There is nothing inherently different about planting or growing high-oleic beans in relation to conventional soybeans, she says. Planting and harvesting dates are roughly the same, and the management of the crop is the same, too.

But weeds, especially Palmer amaranth and marestail, can be a problem and are challenging to control since high-oleic beans don’t have stacked traits that can tolerant an herbicide like dicamba. Since her location is next to a vineyard, which already limits the types of sprays she can use, Burrier says that she took some acres out of high-oleic this year and planted them to corn in order to kill the weeds once and for all. She expects those acres to be in high oleic next year.

She grew up to 500 acres of high-oleic soybeans a year. Burrier says that better seeds from the seed companies are in the pipeline but not available right now.

William Layton, a grower in Vienna, Md., doesn't grow any conventional soybeans, only high oleic — Pioneer’s Plenish. In fact, he’s been growing Plenish soybeans ever since they were first offered by Perdue several years ago.

“It’s not different than growing any other soybean. You’re not giving up the ability to use Roundup; you’re not giving up yield,” Layton says.

But bad news travels fast, though, and one year of a bad experience can leave a bad taste in a farmer’s mouth.

Cory Atkins of Seaford, Del., who grows 800 acres of corn, soybeans and vegetables, says he has no interest in growing high-oleic soybeans. The weed pressures are too much, he says, and there are limited places to take a finished crop.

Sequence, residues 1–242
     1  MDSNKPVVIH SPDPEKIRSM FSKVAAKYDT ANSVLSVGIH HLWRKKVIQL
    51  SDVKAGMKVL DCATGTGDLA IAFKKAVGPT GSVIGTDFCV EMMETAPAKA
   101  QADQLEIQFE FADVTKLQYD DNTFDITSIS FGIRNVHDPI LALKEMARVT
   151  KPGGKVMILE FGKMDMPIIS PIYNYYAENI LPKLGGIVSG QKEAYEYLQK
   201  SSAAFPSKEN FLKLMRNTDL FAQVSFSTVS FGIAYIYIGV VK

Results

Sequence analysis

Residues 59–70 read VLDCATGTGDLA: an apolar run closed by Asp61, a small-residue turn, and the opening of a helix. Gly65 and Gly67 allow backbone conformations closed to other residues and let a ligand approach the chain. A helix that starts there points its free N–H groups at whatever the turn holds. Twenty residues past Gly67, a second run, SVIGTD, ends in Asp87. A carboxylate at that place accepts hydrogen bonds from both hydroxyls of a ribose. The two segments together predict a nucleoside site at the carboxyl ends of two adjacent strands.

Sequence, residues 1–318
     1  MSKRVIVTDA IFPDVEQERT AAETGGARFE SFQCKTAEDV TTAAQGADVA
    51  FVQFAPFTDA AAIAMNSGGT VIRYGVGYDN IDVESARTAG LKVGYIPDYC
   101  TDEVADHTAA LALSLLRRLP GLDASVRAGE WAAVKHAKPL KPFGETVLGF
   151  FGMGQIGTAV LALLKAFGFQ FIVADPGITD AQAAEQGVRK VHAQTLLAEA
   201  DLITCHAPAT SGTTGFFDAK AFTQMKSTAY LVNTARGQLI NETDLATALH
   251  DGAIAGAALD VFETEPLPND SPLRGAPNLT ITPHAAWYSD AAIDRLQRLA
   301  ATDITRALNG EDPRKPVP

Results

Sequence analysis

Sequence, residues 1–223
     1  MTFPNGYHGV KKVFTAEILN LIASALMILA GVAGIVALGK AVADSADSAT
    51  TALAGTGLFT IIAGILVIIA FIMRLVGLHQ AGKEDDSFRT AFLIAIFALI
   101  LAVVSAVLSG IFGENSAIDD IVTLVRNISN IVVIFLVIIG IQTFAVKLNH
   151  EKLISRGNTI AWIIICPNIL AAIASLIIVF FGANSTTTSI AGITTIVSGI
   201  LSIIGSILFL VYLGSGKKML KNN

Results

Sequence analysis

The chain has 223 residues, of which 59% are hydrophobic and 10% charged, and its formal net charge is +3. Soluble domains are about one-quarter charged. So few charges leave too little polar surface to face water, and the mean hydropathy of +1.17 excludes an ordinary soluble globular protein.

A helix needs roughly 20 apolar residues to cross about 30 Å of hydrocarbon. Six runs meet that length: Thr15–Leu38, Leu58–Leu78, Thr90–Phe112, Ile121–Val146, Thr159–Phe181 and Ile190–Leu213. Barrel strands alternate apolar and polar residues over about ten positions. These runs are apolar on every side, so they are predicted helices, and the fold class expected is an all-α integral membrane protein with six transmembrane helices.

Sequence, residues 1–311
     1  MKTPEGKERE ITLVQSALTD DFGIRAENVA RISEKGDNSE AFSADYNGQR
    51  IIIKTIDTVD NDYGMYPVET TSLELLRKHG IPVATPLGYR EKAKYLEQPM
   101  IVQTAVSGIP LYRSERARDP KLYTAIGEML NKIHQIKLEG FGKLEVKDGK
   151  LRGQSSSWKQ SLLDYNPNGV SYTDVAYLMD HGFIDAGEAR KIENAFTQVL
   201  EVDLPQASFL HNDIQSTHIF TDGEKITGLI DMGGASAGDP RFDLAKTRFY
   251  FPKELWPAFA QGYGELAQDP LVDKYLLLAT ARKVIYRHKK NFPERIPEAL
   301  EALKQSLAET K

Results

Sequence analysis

“For me, weed pressure is a bigger deal than what they’re going to give you,” he says. “There are newer genetics with a lot better weed control out there. Most people have grown them, one and done, that’s it.”

More acres needed

Gary Cordier, senior vice president of global grain and international commodities for Perdue, says the company has been marketing high-oleic beans for seven years.

High-oleic beans were supposed to make up for the lost share of the soybean market when people grew sour on trans fats in the late 2000s. But the ramp up to high oleic has been slower than expected, he says, as testing and labeling have made it difficult for food companies to get high oleic into their products.

That has since changed.

“We certainly have seen a real shift in demand,” he says. “We believe it’s an awesome opportunity for the farmer, especially for farmers in the East. We need more acres; we needed more acres than we did last year.”

For Perdue to be a viable supplier for the market, Cordier says that production needs to increase 30% next year, with many more acres of high-oleic beans growing.

Food companies are Perdue’s biggest customer, he says, but they’ve also done some limited shipments of high-oleic beans to Japan and South Korea.

About 200 farmers grow Plenish soybeans on contract for Perdue, with a lot of those growers 100% high oleic.

Still bullish

Layton says that weed problems make growers think that the high-oleic seed is a problem and is impossible to grow successfully. His experience says otherwise.

“My experience is when I grow them against conventional beans, they've come out yielding just as well for me. They’ve had those problems but so have conventional beans," he says.

Burrier says that her issues are more logistical than anything, and that she’s still bullish on high oleic.

“It’s a logistics thing. If we could have something here on the western side, we could cut loose,” she says. “The seed is accessible; the programs are really good; and if they are not under high weed-control pressure, go for it. We need to plant it.”